The problem was that the Jeffersonian-Madisonian state tore itself to pieces and Lincoln came along and had to redefine it so there still would be a United States. Look at pictures of the Civil War. There's your fucking Libertarian state, lying their in ruins.

Libertarianism doesn't work.

Re:BS (0)

roman_mir (125474) | more than 3 years ago | (#36978884)

US past civil war and before 1913 was extremely libertarian and it became the country that was able to fund all of this nonsense, including wars and so called social obligations (human freedom modification programs) etc. You are squandering the wealth that was acquired by the country that was libertarian.

Re:BS (2, Insightful)

MightyMartian (840721) | more than 3 years ago | (#36978948)

Wow, you're just making it up now. Typical Libertarian. Go back to jerking off to pictures of Ron Paul, and leave serious historical and economic analysis to people who don't treat politics and economics like some sort of a religious statement.

Re:BS (1)

NeverVotedBush (1041088) | more than 3 years ago | (#36978818)

Well, I don't want to pay for any of the roads you drive on, or for the police and firemen that protect you.

So there.

(See how that works?)

Re:BS (-1, Offtopic)

roman_mir (125474) | more than 3 years ago | (#36978856)

I agree with you 100%, you shouldn't pay for anything that is not for you. It works, it only doesn't work in a broken society that doesn't care about freedoms anymore that US became.

Re:BS (1)

MightyMartian (840721) | more than 3 years ago | (#36979198)

Since the society you described has never existed, not even in the pre-Civil War United States, would you care to describe how you could possibly describe how your ideal society isn't the broken one?

Re:BS (1)

MightyMartian (840721) | more than 3 years ago | (#36978770)

The point is that it isn't our space. That two manifolds can influence each other in some way doesn't somehow make them the same manifold, any more than two balloons colliding suddenly share the same internal structure.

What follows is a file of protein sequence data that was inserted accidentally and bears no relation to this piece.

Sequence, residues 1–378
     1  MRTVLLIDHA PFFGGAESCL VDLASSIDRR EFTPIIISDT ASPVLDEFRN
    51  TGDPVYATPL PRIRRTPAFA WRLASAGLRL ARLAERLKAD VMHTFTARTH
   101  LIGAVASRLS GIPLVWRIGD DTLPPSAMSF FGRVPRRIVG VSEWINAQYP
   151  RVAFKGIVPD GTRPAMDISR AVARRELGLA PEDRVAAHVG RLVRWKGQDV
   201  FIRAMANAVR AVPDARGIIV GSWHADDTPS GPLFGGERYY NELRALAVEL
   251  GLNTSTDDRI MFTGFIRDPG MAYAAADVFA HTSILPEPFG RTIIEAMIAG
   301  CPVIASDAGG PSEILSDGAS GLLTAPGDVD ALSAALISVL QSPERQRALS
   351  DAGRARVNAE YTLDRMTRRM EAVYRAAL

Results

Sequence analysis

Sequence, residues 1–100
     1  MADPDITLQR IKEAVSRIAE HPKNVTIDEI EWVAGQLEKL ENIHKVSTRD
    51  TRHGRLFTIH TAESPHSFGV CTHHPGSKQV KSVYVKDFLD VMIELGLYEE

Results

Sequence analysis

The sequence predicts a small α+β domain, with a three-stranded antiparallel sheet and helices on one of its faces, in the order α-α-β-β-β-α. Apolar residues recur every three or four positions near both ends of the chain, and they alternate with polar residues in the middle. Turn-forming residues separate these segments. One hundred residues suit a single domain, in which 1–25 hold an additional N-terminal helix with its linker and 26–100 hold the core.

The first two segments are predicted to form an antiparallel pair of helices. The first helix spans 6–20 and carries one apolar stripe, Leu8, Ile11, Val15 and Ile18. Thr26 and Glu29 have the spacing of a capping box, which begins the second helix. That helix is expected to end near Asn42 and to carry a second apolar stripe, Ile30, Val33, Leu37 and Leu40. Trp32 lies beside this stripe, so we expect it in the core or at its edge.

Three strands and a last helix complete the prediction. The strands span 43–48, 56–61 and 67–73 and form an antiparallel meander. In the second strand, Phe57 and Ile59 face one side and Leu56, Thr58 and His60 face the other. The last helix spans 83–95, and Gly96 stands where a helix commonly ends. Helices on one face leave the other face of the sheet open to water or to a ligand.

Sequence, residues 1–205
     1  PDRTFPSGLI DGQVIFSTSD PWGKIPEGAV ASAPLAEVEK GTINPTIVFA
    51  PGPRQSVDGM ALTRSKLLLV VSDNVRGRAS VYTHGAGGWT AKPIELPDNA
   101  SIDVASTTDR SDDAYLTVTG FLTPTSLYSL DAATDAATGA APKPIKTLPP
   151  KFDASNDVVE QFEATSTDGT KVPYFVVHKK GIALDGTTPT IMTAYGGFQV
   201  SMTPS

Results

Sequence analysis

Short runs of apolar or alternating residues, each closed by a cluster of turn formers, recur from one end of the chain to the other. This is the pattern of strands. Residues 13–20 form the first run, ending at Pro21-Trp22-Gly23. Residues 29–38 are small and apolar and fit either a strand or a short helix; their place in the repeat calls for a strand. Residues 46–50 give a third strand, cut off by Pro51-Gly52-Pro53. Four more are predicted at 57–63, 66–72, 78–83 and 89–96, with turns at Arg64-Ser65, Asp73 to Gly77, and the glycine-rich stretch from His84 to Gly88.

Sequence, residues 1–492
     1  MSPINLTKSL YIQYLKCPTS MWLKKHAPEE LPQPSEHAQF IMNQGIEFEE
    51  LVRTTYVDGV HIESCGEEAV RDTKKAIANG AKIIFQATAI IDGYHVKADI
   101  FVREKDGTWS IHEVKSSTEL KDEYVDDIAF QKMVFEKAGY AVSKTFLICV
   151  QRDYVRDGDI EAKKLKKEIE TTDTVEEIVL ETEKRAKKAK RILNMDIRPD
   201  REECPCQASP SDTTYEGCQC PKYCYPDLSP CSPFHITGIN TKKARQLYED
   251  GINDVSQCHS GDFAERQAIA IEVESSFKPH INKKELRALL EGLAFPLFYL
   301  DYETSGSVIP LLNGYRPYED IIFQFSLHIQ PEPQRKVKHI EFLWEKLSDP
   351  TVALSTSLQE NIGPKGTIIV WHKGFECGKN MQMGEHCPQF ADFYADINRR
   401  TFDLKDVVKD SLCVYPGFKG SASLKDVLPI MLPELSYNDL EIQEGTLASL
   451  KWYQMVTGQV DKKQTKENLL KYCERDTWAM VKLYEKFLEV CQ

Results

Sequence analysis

This is pretty basic cosmological principles here.

Re:BS (1)

EdIII (1114411) | more than 3 years ago | (#36979096)

I don't think you listened to what he said, and your snarky and denigrating remarks are not constructive to a really interesting conversation we could all be having. This is most certainly not an issue of semantics.

The multiverse theory, as I have always understood it, posits that for every possible "choice", universes are created to express each on the possibilities, or "choices". This could be purely causality, or could be free will. Who really knows.

However, and this is not semantics, a universe is generally defined as " the totality of everything that exists".

If we use that definition, then he is correct about this being nonsense because then every newly created universe is in fact splitting into two universes. Quasi-Mitosis on a grand scale if you will. If this is true, then we have been expanding at an exponential rate since the beginning of the universe itself, and all of these "bubbles" are in fact, part of a single universe.

If there is a center bubble universe, it must split into two. So do all the other bubbles simply get pushed out of the way at speeds clearly above the speed of light itself? Think about it. In the space of a "choice", countless "bubble" universes must move to make way for the two "bubbles" that just got created.

It really is nonsense.

The multiverse theory, as I have always understood it, states that new universes get created. This strongly implies, by the definition of the words, that no interaction is possible between universes naturally . If we can travel from one universe to another universe, it won't be through conventional space travel, wormholes, or space folding, since the two universes are not actually connected.